ISSN ISBN 9780226593869 Medium  
  Area Expedition Conference  
  Notes Approved no  
  Call Number GFZ @ kyba @ Serial 2231  
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Author Guillemin, A. url  openurl
  Title The Heavens: An Illustrated Handbook of Popular Astronomy Type (up) Book Whole
  Year 1867 Publication Abbreviated Journal  
  Volume Issue Pages  
  Keywords Skyglow  
  Abstract Relevant excerpt: In large towns, the thousands of gas-lamps or other lights render the observation of the Zodiacal Light very difficult, not to say impossible, at all times. On the other hand, in stations conveniently situated, it can be seen at the various epochs of the year, even in the temperate zones.  
  Address  
  Corporate Author Thesis  
  Publisher Richard Bently Place of Publication London Editor J. Norman Lockyer  
  Language Summary Language Original Title  
  Series Editor Series Title Abbreviated Series Title  
  Series Volume Series Issue Edition  
  ISSN ISBN Medium  
  Area Expedition Conference  
  Notes Approved no  
  Call Number GFZ @ kyba @ Serial 2537  
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Author Roach, F.E.; Gordon, J.L. doi  openurl
  Title The Light of the Night Sky Type (up) Book Whole
  Year 1973 Publication Abbreviated Journal  
  Volume Issue Pages  
  Keywords Natural Sky Brightness; Airglow  
  Abstract Astronomy appears to us as a combination of art, science, and philosophy. Its study puts the universe into perspective, giving a sense of pleasure in its beauty, awe at its immensity, and humility at our trivial place in it. From earliest human history, man has scrutinized the night sky – and wondered and marveled. With unaided eye but perceptive mind, he recognized order in the regular appearance and movements of individual objects, such as the planets and star groups (constellations), in their rhythmic and majestic progressions across the bowl of night. Even in the present era of scientific exactitude, there remains a profound awareness of mysteries beyond our present interpretations. It is only in comparatively recent years, however, that man has recognized that it takes more than conventional astronomy to account for the beauties ofthe night sky. Radiations in the Earth's upper atmosphere provide a foreground light, the study of which has come under a new name, aeronomy. The science of aeronomy has rapidly burgeoned, and the student of the light of the night sky finds that he is involved in an interdisciplinary domain. The 'meat' of one discipline, however, may be the 'poison' of the other. To the astronomer, the Earth's atmosphere, inhibiting his extra-terrestrial viewing, is a serious nuisance. To the aeronomer, the Moon, planets, stars, and Galaxies hamper his measurements and interfere with his studies of the Earth's upper atmosphere. Yet both sets of elements are basic to the beauties as well as to the understanding of the light of the night sky. It is essentially the students of astronomy and aeronomy for whom we have written this book. We also hope, however, that it will present much of interest and value to the bemused sky watcher, for whom some detailed knowledge of the several con-tried to meld these dual objectives to create a broadly based, professionally valid tributors to the nighttinie sky may increase his pleasure in contemplating it. We have treatise that will lead the serious student to deeper probing into the phenomena and will inspire both him and the enthusiastic amateur to an appreciation of that half of their experience which we may refer to as their 'night life'.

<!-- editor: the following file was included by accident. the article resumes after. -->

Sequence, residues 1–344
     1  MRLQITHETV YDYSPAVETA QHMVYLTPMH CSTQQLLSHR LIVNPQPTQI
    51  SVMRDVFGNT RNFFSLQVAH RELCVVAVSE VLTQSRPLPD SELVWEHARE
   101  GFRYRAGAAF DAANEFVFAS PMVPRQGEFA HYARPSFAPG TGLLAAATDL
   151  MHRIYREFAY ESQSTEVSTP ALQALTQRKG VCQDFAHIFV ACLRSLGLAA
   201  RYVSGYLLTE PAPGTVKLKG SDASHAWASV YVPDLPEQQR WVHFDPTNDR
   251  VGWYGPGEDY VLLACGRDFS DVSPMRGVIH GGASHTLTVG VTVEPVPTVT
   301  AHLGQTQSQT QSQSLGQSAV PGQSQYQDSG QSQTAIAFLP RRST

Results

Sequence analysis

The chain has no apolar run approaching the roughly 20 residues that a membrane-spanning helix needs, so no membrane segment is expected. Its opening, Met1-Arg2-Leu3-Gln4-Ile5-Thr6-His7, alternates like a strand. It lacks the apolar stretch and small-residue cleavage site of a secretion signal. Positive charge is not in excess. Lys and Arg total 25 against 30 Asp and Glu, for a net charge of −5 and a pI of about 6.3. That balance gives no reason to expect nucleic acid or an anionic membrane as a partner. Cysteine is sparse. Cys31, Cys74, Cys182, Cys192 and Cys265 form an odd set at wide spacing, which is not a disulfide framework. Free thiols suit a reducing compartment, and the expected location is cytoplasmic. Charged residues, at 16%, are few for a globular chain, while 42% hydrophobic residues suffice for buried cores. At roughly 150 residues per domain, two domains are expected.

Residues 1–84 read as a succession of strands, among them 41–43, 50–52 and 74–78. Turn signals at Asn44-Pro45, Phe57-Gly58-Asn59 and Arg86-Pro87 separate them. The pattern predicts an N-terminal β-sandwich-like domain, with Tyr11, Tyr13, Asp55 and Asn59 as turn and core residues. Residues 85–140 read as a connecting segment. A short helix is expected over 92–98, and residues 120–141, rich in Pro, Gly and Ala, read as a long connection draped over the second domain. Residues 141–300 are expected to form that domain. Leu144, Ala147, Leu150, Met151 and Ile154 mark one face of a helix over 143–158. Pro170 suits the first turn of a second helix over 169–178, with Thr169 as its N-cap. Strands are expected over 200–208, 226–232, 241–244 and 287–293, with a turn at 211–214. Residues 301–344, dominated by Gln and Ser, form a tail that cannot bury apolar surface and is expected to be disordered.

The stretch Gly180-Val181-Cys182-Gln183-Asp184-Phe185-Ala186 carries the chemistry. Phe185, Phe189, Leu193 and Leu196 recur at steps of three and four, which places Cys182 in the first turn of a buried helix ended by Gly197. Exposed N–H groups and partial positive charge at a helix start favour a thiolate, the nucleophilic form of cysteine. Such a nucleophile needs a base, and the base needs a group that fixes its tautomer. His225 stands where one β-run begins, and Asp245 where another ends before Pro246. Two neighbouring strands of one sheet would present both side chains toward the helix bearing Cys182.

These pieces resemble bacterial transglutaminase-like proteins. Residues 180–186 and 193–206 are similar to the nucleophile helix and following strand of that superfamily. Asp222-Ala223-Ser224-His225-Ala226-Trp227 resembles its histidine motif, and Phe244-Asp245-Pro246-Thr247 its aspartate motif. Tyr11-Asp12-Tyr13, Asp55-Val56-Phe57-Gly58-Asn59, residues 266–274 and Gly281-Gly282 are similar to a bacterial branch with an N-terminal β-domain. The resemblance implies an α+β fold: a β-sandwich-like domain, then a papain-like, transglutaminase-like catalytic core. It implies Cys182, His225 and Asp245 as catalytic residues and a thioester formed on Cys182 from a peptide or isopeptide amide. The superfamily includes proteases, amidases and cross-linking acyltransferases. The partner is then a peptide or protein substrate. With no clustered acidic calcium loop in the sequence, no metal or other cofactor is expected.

Address  
  Corporate Author Thesis  
  Publisher Reidel Publishing Company Place of Publication Dordrecht, Holland Editor  
  Language Summary Language Original Title  
  Series Editor Series Title Abbreviated Series Title  
  Series Volume Series Issue Edition  
  ISSN ISBN Medium